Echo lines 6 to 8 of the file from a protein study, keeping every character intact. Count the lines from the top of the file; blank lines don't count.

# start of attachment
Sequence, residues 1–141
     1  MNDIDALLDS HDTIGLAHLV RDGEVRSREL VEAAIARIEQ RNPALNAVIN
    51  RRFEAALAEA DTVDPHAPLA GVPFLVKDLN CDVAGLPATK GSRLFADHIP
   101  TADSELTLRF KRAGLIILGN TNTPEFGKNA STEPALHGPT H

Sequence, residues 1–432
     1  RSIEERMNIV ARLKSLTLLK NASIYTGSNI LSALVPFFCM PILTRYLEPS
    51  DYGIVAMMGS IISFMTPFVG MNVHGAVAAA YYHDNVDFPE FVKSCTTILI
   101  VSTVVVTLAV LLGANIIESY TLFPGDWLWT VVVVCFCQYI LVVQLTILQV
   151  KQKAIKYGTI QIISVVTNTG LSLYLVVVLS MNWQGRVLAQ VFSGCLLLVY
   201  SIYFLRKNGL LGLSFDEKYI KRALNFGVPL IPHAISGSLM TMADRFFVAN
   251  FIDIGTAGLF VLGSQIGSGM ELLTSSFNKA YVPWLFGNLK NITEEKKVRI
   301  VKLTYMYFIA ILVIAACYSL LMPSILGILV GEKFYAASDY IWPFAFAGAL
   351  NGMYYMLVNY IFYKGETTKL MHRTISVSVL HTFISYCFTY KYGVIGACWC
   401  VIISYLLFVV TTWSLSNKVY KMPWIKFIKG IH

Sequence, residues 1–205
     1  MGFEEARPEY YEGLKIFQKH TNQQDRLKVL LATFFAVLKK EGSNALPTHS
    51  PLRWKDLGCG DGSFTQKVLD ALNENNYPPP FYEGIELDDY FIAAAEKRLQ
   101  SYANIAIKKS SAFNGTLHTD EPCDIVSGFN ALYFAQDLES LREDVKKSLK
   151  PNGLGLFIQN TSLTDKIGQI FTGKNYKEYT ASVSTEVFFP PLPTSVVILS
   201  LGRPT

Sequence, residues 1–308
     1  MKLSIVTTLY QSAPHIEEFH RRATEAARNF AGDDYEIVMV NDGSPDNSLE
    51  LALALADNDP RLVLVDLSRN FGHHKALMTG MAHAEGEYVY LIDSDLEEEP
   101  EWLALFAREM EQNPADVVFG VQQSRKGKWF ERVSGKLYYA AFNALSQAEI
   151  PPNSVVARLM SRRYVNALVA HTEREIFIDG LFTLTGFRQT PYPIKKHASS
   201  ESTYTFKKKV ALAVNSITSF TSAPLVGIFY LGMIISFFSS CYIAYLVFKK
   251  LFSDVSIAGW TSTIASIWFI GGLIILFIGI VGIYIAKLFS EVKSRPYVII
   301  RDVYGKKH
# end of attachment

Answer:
     1  RSIEERMNIV ARLKSLTLLK NASIYTGSNI LSALVPFFCM PILTRYLEPS
    51  DYGIVAMMGS IISFMTPFVG MNVHGAVAAA YYHDNVDFPE FVKSCTTILI
   101  VSTVVVTLAV LLGANIIESY TLFPGDWLWT VVVVCFCQYI LVVQLTILQV